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91 of 93 people found the following review helpful
5.0 out of 5 stars GREAT movie gets PROPER DVD edition...finally!
Hello Folks,
I want to thank MGM for this release....they really got it right!
first off...
all the excellent bonus features from the 25th Anniversary edition..
the 30 minute on camera commentary by Stallone, the tributes to Burgess Meredith, the cinematographer James Crabbe and Bill Conti..ALL made it to this edition...which means you don't have to...
Published on December 5, 2006 by Richardson

versus
6 of 6 people found the following review helpful
3.0 out of 5 stars Not too sure about this release
I don't know why they did what they did with this version of the film. The transfer is great. The booklet is great. What happened to extras? NO extras AT ALL. I didn't realize it until I got it home. I love the booklet stuff they do, especially Warner because they don't do it cheap (300, Shawshank, Dr. Zhivago) but these 20th Century Fox/MGM are a bit on the cheap (Quite...
Published on May 20, 2011 by brandofan


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91 of 93 people found the following review helpful
5.0 out of 5 stars GREAT movie gets PROPER DVD edition...finally!, December 5, 2006
Hello Folks,
I want to thank MGM for this release....they really got it right!
first off...
all the excellent bonus features from the 25th Anniversary edition..
the 30 minute on camera commentary by Stallone, the tributes to Burgess Meredith, the cinematographer James Crabbe and Bill Conti..ALL made it to this edition...which means you don't have to hold onto older inferior editions to have all the bonus features...and this IS a big deal. Too many recent DVD editions of movies lose old features which make keeping mutliple copies essential and that stinks.
The extra features are really too many to list...multiple commentaries..and the Stallone alone is worth the update...its truly like watching the movie with him in the room...WOW!
all the past trailers...the appearance on the Dinah Shore show..featurettes...this is a NO BRAINER for fans of the movie.

The three part "making of" which runs about an hour and half and features the main players is extraordinary in its revelations about the movie and the craft of making movies and WHY this was a million to one chance and WHY their lack of budget actually helped in many ways. The twenty minute documentary on the Steadicam and its inventor ...who filmed his demo on the art museum steps before heading to Hollywood....its just proof that all the planets lined up for this one!
For those out there bitching about the upgraded releases of DVDs...don't buy em...for those of us who love the movies...these higher quality releases are very welcome. I picked this 2 disc set up for $15 at Target...and there are hours of features...WHAT A DEAL!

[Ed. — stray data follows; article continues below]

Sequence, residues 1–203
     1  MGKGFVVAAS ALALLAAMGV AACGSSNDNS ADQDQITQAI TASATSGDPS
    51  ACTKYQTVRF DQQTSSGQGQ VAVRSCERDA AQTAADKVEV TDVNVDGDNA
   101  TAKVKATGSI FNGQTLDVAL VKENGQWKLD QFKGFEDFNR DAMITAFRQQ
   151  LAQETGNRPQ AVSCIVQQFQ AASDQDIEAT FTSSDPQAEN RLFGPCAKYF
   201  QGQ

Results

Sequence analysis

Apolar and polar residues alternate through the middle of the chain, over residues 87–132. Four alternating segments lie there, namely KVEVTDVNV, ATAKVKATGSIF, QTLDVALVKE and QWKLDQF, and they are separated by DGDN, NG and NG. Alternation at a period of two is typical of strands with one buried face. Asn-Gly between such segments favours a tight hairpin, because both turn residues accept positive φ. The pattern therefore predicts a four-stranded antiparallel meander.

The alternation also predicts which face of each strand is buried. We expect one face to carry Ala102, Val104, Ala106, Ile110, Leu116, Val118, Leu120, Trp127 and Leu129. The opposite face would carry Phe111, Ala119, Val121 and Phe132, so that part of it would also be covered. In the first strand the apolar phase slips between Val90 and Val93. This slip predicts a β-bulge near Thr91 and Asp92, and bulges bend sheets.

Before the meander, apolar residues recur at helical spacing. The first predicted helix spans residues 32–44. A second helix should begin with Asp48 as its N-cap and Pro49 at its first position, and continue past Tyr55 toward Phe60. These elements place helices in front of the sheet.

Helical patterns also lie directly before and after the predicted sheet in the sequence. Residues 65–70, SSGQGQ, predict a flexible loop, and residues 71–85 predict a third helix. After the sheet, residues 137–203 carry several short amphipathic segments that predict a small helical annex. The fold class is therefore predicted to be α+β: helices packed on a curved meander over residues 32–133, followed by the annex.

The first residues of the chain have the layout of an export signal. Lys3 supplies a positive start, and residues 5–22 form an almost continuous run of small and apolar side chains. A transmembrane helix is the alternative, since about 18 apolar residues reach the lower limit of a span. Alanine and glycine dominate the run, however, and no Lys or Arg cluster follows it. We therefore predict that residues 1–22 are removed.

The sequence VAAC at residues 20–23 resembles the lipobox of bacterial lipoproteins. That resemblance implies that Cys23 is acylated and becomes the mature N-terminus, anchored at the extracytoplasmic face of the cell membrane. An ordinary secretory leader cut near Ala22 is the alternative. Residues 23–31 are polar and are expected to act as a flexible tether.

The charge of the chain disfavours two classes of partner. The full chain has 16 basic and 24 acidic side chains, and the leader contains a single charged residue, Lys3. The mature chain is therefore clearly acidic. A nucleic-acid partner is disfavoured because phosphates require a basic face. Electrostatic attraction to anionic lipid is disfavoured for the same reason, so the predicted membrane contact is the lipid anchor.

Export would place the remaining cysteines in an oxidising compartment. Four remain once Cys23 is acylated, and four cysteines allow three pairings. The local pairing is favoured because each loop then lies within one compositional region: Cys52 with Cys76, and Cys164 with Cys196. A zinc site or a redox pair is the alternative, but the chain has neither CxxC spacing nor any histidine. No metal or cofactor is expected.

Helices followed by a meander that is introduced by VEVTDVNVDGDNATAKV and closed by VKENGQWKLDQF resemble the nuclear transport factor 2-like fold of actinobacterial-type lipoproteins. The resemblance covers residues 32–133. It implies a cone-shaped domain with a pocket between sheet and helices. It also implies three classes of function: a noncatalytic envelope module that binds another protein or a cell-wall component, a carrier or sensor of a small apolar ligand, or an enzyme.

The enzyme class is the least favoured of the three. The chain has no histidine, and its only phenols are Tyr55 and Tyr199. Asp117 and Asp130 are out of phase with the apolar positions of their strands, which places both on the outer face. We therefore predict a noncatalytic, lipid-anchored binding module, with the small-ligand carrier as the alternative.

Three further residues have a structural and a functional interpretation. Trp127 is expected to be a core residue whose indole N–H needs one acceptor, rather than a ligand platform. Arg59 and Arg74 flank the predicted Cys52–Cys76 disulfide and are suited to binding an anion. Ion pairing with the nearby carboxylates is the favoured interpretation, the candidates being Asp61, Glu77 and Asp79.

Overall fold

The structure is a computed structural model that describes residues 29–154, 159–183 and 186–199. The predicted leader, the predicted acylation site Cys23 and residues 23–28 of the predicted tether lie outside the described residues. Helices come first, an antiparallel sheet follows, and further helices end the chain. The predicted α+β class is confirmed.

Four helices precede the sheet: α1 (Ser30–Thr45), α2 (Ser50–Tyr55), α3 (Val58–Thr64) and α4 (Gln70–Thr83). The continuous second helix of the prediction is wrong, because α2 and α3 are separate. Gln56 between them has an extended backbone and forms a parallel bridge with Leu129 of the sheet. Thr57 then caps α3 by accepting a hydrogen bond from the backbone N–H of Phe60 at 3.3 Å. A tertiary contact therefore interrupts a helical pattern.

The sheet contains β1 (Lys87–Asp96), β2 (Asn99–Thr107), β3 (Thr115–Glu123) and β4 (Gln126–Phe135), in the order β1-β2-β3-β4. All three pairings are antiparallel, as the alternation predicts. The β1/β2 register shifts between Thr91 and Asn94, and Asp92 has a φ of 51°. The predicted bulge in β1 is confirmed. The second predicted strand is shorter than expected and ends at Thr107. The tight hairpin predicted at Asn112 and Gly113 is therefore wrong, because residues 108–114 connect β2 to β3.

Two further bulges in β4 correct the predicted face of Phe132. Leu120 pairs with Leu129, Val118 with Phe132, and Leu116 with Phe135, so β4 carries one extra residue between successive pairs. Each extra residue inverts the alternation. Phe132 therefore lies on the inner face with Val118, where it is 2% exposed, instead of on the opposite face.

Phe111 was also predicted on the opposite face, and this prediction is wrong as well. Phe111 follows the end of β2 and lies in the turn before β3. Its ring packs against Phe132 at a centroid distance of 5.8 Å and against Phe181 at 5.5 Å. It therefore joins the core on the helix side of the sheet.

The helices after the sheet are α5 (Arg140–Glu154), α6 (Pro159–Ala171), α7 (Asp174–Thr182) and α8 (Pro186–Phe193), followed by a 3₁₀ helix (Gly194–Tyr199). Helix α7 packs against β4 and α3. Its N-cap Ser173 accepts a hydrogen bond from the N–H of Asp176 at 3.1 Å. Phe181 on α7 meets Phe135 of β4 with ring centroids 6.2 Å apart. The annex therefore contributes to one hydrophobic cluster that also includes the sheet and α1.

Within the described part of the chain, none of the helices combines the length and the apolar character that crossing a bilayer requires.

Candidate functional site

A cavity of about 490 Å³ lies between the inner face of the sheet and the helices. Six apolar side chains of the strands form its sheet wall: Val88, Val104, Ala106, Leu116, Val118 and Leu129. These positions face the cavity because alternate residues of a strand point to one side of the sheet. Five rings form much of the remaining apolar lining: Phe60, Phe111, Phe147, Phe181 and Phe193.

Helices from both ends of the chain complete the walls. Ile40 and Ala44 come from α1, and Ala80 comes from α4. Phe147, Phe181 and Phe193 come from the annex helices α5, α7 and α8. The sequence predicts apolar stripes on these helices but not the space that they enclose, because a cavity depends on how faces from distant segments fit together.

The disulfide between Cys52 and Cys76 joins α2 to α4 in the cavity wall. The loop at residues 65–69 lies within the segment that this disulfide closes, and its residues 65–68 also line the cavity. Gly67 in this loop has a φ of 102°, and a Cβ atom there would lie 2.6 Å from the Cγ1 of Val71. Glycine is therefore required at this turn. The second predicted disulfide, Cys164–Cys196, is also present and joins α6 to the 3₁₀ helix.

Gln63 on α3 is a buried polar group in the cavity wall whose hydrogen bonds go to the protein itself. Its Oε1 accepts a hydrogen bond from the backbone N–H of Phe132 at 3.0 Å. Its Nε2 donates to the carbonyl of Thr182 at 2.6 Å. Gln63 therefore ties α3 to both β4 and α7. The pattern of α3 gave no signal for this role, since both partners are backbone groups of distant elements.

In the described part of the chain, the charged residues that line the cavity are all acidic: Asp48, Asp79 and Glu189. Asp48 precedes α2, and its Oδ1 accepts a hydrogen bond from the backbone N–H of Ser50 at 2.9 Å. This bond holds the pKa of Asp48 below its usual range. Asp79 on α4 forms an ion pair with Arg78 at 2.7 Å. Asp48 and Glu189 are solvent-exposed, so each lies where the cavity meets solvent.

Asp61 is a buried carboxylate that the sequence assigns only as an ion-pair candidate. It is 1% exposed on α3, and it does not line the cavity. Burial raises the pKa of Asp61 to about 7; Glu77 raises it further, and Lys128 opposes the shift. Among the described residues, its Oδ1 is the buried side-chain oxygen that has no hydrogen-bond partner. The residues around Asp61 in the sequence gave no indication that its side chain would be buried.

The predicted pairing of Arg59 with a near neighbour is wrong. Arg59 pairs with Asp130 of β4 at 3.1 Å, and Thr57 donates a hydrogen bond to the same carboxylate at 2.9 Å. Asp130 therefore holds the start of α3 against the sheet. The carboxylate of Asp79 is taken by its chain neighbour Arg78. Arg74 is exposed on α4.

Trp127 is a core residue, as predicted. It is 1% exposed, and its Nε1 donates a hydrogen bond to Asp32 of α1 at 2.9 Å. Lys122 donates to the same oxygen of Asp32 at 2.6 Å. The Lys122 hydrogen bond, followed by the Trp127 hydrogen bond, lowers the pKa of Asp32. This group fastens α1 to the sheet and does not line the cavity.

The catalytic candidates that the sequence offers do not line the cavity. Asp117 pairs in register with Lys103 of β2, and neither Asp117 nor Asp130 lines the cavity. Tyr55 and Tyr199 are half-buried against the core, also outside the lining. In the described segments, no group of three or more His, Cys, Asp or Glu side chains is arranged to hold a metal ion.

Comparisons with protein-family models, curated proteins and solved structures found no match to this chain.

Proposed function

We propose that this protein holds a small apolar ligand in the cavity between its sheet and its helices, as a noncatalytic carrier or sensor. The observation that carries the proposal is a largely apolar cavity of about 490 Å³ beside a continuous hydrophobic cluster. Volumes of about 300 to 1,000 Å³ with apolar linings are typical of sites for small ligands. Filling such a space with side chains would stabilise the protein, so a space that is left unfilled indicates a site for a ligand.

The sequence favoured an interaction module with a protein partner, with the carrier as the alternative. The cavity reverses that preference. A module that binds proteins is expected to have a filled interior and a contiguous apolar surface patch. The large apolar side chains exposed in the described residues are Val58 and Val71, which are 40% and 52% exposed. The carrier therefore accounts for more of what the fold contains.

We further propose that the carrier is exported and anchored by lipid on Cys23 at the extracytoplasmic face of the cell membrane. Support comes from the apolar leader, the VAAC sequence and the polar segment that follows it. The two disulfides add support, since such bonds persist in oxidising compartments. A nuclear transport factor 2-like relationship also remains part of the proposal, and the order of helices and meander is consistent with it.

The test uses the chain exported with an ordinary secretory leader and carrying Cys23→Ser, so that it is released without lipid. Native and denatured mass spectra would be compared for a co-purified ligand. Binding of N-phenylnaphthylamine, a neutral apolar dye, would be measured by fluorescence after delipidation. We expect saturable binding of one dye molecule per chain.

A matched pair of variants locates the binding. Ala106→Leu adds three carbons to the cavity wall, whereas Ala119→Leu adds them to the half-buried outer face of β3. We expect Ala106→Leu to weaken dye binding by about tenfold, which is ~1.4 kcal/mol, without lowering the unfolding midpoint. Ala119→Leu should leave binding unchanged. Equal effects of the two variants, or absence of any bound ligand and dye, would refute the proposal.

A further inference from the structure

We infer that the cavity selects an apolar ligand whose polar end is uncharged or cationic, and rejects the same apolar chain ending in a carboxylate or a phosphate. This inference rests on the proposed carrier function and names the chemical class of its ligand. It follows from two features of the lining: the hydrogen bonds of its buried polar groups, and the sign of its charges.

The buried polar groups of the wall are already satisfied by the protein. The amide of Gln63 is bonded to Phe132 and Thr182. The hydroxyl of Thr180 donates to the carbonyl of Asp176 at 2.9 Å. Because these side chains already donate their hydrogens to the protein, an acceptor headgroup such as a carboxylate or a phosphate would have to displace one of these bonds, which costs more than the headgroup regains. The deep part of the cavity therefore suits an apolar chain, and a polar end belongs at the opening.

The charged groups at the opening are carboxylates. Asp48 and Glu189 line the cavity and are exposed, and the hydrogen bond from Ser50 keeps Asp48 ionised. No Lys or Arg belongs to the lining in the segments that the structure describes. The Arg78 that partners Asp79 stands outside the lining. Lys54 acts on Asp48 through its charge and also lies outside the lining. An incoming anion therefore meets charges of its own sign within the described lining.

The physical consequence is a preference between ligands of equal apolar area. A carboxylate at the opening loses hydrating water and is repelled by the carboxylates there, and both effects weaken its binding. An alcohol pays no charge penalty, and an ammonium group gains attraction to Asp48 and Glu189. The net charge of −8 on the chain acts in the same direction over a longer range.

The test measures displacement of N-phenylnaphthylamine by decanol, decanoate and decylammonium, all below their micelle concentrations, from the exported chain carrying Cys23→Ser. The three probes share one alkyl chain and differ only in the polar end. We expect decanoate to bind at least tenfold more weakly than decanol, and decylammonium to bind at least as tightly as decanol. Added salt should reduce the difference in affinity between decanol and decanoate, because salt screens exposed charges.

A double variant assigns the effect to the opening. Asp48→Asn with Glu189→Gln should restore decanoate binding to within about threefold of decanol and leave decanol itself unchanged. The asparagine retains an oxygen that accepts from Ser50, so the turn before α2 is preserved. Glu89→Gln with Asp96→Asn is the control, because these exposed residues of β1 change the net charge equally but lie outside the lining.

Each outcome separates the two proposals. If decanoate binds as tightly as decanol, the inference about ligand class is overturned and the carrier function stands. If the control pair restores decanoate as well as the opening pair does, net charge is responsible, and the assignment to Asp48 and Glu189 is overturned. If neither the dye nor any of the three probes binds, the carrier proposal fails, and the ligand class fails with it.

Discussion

If you love the movie...get this version.
if you don't care about bonus features...stick with your old copy.
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54 of 57 people found the following review helpful
4.0 out of 5 stars ROCKY - 1080P glory with none of the extras..., December 8, 2006
Verified Purchase(What's this?)
This review is from: Rocky [Blu-ray] (Blu-ray)
One of the only films in my top ten list that seems to get better every time I see it. Rocky Balboa is one of the most charming down on his luck loser's the cinema has ever seen. The film sweeps a range of emotions from hope where it was all but gone to chill you to the bone despair. A film of loneliness, surrender and ultimately redemption. Just re-watched the scene where Mickey comes to ask Rocky if he can manage him. The fear in the sub-text and in Rocky's eyes is so tragic and beautiful. I still get caught up in it after dozens of viewings. Just amazing.

Movie 5.0 out 5.0 stars

Blu-ray details

The picture quality is stellar, grainy and wonderful. There are some inconsistencies in the shadows during the fight and of course a large color shift when they cut to stock footage of the audience, but most if not all of these artifacts are probably from the original release. The sound is tinny here and there and over modulates once in a while, again I think this probably due to the original sound track being 30 years old but it is distracting on occasion.

The biggest disappointment is the lack of extras. MGM simultaneously released a collector's edition 2 disc DVD of ROCKY with commentary from Stallone and hours of behind the scenes and documentaries on the film. Unfortunately none of these are on the Blu-ray edition. The only extra is the original theatrical trailer. Quite a disappointment and although the picture is great, I would have opted for the DVD if I knew ahead of time. A 30 year old film is technically sub-par to what we see today and seeing it on a DVD vs. a Blu-ray Disc is probably not a hugely dramatic difference. I suggest saving a few bucks and getting a lot more with the 2 Disc DVD.

Blu-ray score, due to lack of available extras: 3.0 out of 5.0
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31 of 34 people found the following review helpful
5.0 out of 5 stars "He doesn't know it's a show. He thinks it's a fight.", December 9, 2006
Rocky Balboa is a local guy who is just going through life making ends meet. He boxes at underground clubs for extra cash. He breaks legs for a local bookie on the side. He trains at a gym, but only does so halfheartedly--to the point where the owner of the gym gives his locker away because of his lack of focus. He has a crush on his best friend's sister, a girl named Adrianne who works at a pet shop. All in all, Rocky is just another guy trying to make it in 1975 Philadelphia.

When the heavyweight champion of the world, Apollo Creed, has problems finding someone to fight at a holiday spectacle he's planning on New Year's Day, he decides to give a local guy a shot at the title. He chooses Rocky not for his skill, but because he's known as the Italian Stallion. Apollo thinks beating this hometown boy will let people know that he is the American Dream.

Rocky is the quintessential American hero. This is the greatest underdog sports movie and the one that paved the way for all the ones to follow. This rerelease in a two-disc collector's edition is long overdue. Some have problems because the film has been released so times, but with Rocky Balboa hitting theaters this winter it was pretty much a given that they would rerelease this film.